As we look toward a new year, the ongoing accountable care experiment under the Patient Protection and Affordable Care Act still has some critical unanswered questions:
How is it faring and what are the prospects for its future? Is this component of reform going to be a sustainable solution that will improve quality of care, efficiency and cost-effectiveness?
To date, results from Medicare and commercial accountable care organizations—while not without challenges and disappointments—are encouraging, particularly around their success in achieving superior quality outcomes. But for the organizations to realize their full promise, at least two key changes will be necessary.
The first is illustrated by a question I received from a media outlet several weeks ago. The reporter was seeking a perspective on the reluctance of some physicians to accept the fees various health plans charged through the health insurance exchanges. I pointed out that even among the most efficient practices, the cost of delivering care must be adequately funded. When payments are too low for physicians to deliver quality care and keep their practices viable, there is no good solution.
This problem is compounded by the fee-for-service payment methodology. While ACOs might receive payment on a prepaid basis, the physicians and hospitals inside the ACO are often still reimbursed based on volume. As a result, providers often don't have an incentive to work together to find more effective ways to deliver clinical care. And when patients seek care outside of the ACO, physicians are at financial risk for care that may be unnecessary or inappropriate.
In contrast, when patients are seen by physicians inside the ACO, particularly when they are part of a multispecialty medical group that shares a comprehensive electronic health record, the best quality care can be provided in the most affordable ways.
The second area where change is needed is the structure of many recently formed ACOs. The ACA prescribes some key characteristics of the ACO structure and, based on the law, the CMS has developed multiple “tracks” that require ACOs to move toward accepting financial risk. Well-capitalized hospitals and insurers, therefore, are in a better financial position than smaller physician groups to take the risk. This is why, as I noted in a recent Harvard Business Review commentary, hospitals in many newly formed ACOs have tended to be the leaders, with physicians in secondary roles as chief medical officers. Even in this type of foundation model, where theoretically control is shared, physicians often feel relatively powerless and struggle to commit fully to the goals of performance improvement and cost containment. For this reason, the foundation model is flawed.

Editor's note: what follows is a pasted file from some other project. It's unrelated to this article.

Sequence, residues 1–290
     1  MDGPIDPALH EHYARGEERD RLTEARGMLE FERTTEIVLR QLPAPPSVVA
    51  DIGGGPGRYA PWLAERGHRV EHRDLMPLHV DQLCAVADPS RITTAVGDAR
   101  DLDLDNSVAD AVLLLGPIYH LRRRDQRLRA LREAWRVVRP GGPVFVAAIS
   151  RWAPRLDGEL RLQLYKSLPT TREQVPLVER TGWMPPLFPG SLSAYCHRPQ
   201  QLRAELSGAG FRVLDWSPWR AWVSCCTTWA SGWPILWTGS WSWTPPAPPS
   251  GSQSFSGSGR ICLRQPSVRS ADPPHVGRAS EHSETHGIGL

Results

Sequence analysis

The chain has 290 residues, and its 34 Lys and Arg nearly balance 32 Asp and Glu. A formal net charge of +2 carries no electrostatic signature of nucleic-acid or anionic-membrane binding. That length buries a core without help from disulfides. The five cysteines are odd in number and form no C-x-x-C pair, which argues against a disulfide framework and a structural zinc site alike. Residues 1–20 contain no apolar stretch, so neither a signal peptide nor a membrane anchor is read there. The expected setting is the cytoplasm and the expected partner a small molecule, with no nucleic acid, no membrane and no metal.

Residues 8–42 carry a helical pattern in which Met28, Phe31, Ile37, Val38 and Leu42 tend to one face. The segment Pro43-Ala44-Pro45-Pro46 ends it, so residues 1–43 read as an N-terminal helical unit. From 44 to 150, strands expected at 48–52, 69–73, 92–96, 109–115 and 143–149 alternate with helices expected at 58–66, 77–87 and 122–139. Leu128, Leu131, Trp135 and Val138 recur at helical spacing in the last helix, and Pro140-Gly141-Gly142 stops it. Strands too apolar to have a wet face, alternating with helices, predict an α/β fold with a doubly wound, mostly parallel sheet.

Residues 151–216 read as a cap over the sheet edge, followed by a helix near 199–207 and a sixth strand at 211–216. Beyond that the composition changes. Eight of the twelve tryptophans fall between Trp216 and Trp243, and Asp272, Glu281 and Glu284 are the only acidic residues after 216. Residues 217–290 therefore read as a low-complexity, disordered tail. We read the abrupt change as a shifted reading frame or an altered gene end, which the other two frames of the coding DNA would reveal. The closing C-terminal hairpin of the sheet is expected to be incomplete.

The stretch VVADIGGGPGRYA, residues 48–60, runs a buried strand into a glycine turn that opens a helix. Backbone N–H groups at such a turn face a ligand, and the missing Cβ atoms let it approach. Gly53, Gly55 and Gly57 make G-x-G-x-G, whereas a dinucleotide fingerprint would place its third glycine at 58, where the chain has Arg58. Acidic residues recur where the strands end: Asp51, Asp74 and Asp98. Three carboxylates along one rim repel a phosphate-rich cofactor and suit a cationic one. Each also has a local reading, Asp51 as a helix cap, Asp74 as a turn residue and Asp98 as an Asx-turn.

There is an alternative: the partnership model, which relies on shared leadership among hospitals, insurance plans and medical groups. This leadership structure improves collaboration among physicians, produces higher performance and overcomes the tendency of doctors to try to maximize their individual compensation. In this model, the medical group works with, not for, the hospital or health plan and shares in the rewards or penalties. Although the partnership model has not yet been tried at the new ACOs, it has allowed a variety of established multispecialty medical groups—such as those in my organization, the Council of Accountable Physician Practices (including the Mayo Clinic, Kaiser Permanente, Intermountain Healthcare and Geisinger Health System)—to achieve superior quality outcomes, provide outstanding service and increase affordability.
Research published in journals such as Health Affairs shows that physicians are beginning to take leadership roles in many ACOs, and where this is occurring the organizations are achieving excellent outcomes. But real physician leadership means more than being a CMO reporting to a hospital administrator. It means that physicians are key decisionmakers in setting strategy, managing finances and pursuing quality patient-care outcomes. To fulfill the promise of ACOs, hospitals and health plans need to understand the value of true physician leadership.
Are ACOs sustainable? Only if we learn from the experience of the current ACOs and create new models for the future in which physicians feel committed to providing true accountable care to individuals and populations of patients.